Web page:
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A History of Reading

by Alberto Manguel

I’ve long been devoted to books like Bruce Chatwin’s The Songlines, books that gather around a single subject and with the help of history and literature and a sympathetic sensibility of their own, illuminate it as if it were a mineral known but never before properly valued. Walter de la Mare’s Desert Islands is another book of similar shine, as is Alexander Theroux’s The Primary Colors.

And then there’s this more recent volume, Alberto Manguel’s A History of Reading, a book that, in its compendious virtuosity, got me thinking about Chatwin, Theroux, and de la Mare – and about what, how, where, and why I read to begin with.

At first pass, perhaps, a history of reading sounds a hopeless enterprise; even a reader as erudite, as resourceful, as Columbian in his fervour for discovery as Manguel must have at some early point quailed at the stretch of the horizon before him. Where do you start a history of reading? You might as well wonder how to write a geography of happiness or an autobiography of summertime.

And yet, of course, Manguel does start, with great grace, fascinatingly, in the only direction there is to go – inward, to his own experience. For while this is, in its widest embrace, social history, a history of human understanding and of communication, an account of great libraries and epics and empires, of cities and age-defining philosophies, it is most of all a book about individual experience, a book as much about the reader I am, have been, want to be, as it is about Manguel. “We cannot do but read,” Manguel writes. “Reading, almost as much as breathing, is our essential function.” But like breathing, it’s something we experience individually. “Ultimately,” Manguel continues, “the history of reading is the history of each of its readers.”

Not surprisingly, then, A History of Reading scorns chronology. Like a reader, it skips chapters, browses, selects, rereads, refuses to follow conventional order. He does get to the beginning of it all – we visit with the first unknown reader (who also, of course, would have been the first writer) in Babylon around about the fourth millennium BC. Writing, it’s reasonably conjectured, was invented as a commercial tool, as a way, say, of recording who owned which cow.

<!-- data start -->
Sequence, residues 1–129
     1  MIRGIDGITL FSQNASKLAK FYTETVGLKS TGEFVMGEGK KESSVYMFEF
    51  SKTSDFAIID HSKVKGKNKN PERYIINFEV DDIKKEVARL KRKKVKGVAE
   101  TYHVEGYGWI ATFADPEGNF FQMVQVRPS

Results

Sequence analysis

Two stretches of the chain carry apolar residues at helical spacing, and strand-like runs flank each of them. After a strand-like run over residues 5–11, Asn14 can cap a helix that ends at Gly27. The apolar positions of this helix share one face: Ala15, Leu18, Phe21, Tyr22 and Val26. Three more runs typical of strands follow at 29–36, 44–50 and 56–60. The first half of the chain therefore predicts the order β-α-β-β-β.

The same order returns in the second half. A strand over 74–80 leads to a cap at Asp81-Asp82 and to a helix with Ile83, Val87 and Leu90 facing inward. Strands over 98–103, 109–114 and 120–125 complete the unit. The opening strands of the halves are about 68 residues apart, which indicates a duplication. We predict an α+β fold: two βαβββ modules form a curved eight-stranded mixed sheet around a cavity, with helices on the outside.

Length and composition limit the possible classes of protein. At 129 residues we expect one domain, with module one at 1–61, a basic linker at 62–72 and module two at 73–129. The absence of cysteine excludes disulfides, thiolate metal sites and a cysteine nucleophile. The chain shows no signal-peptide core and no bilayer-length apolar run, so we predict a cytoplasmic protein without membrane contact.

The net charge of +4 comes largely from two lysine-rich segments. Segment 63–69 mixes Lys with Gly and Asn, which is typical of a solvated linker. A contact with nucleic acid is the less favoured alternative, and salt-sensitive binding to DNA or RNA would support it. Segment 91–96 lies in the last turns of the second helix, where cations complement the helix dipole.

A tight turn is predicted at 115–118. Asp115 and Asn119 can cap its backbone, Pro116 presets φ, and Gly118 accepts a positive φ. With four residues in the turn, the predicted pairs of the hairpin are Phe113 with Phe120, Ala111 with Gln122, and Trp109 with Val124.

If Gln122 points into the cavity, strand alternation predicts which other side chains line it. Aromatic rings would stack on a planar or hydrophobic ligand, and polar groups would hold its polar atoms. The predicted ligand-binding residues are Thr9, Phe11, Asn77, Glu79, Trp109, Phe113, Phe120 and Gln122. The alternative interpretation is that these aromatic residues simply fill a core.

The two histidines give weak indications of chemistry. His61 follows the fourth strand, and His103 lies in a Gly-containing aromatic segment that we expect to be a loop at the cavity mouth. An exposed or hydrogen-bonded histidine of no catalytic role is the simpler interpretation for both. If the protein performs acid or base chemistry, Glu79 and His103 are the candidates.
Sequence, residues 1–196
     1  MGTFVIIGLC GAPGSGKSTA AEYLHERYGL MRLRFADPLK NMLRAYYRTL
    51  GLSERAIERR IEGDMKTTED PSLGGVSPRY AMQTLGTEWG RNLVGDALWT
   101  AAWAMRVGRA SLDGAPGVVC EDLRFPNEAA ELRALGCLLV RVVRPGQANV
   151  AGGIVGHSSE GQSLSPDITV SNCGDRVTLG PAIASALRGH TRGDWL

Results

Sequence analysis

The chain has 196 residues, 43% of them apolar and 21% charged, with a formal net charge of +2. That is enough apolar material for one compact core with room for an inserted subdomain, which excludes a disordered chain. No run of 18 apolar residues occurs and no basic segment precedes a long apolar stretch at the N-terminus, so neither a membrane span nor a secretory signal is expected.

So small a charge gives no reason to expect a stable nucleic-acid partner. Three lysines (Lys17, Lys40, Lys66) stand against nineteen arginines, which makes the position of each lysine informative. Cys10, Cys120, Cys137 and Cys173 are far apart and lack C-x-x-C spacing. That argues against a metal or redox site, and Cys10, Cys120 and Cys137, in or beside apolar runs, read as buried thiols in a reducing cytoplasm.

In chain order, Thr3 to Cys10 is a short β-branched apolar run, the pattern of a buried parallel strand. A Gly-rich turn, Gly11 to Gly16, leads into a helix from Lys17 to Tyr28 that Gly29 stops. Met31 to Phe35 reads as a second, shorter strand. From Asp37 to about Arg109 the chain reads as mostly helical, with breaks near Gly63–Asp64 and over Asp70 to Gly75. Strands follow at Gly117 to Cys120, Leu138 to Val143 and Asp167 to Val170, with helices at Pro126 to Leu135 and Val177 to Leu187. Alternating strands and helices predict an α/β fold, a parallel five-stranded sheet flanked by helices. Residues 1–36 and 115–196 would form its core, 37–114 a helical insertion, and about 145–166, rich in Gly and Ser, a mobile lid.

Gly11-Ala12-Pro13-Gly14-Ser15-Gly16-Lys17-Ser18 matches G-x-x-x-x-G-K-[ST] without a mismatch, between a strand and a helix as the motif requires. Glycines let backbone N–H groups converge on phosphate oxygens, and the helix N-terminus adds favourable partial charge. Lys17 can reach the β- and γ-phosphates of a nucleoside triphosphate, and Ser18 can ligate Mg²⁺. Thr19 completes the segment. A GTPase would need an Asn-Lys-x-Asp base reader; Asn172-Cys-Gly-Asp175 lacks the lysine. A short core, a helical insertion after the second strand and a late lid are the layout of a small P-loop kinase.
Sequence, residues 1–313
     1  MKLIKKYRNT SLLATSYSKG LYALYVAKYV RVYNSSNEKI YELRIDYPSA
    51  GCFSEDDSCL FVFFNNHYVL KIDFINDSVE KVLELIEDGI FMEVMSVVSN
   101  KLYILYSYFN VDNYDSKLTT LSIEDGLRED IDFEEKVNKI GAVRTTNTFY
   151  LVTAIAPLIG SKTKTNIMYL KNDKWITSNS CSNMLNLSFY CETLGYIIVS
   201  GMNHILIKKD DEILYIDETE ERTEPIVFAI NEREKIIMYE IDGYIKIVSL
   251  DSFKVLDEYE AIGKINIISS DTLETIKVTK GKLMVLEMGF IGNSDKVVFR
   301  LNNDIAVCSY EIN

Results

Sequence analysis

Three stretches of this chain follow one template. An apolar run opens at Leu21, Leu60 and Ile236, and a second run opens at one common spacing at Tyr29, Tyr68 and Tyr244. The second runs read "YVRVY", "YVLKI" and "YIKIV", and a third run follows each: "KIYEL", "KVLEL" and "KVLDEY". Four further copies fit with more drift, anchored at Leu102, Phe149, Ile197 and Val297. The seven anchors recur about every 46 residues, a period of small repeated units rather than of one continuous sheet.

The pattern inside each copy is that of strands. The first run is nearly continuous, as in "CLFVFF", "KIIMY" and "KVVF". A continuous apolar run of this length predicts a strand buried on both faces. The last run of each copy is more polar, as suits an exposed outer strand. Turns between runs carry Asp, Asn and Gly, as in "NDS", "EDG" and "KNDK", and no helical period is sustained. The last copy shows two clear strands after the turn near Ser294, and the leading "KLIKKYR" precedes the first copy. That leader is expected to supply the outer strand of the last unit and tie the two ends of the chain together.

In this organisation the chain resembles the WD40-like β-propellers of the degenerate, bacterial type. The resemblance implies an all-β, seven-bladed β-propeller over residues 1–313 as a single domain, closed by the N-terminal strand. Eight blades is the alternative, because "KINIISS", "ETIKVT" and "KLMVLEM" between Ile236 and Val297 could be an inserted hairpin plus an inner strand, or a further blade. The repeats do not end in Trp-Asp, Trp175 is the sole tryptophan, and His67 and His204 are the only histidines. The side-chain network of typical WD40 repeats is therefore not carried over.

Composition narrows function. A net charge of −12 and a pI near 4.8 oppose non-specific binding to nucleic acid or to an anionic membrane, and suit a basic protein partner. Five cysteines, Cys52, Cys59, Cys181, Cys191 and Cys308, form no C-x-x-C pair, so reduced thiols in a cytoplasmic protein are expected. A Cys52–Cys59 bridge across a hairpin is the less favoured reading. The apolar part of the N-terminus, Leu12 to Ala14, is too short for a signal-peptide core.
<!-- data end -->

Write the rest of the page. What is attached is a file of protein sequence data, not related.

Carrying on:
Manguel’s cast of subsequent characters is, by needs, vast: the pages are full of readers, from the Virgin Mary to George Steiner, from Aristotle to Dorothy Parker. Furthermore, we’re introduced to neurolinguistics (the relationship between the brain and language), to the advent of silent reading, to the evolution of reading as metaphor, to book designers, book thieves, book burners, collectors of books and their “voluptuous greed,” and the first men to wear reading glasses.

All praise to Manguel for his daring, his devotion, his learning, his reading. In its organization, tone, and content, in its research, its profusion, its synthesis, A History of Reading is a marvel.

The last chapter of the book is a charming bit of metafictional fancy worthy of Manguel’s beloved Jorge Luis Borges. Here Manguel conjures a book he’d like to read but that is yet unwritten. It would be called, yes, A History of Reading, though it would be nothing like this history of reading.

Cleverly, then, Manguel remakes the point about subjectivity. But in describing the effect he imagines this second, non-existent book having on him, Manguel is also – how Borges would have liked this – reading my experience of his book. “It is amicably written,” he dreams, “accessible and yet erudite, informative and yet reflective…. I feel I’m in good hands. I know that as I proceed through the chapters I will be introduced to that ancient family of readers, some famous, some obscure, to which I belong…. I will read of their triumphs and persecutions and almost secret discoveries. And in the end I will better understand who I, the reader, am.”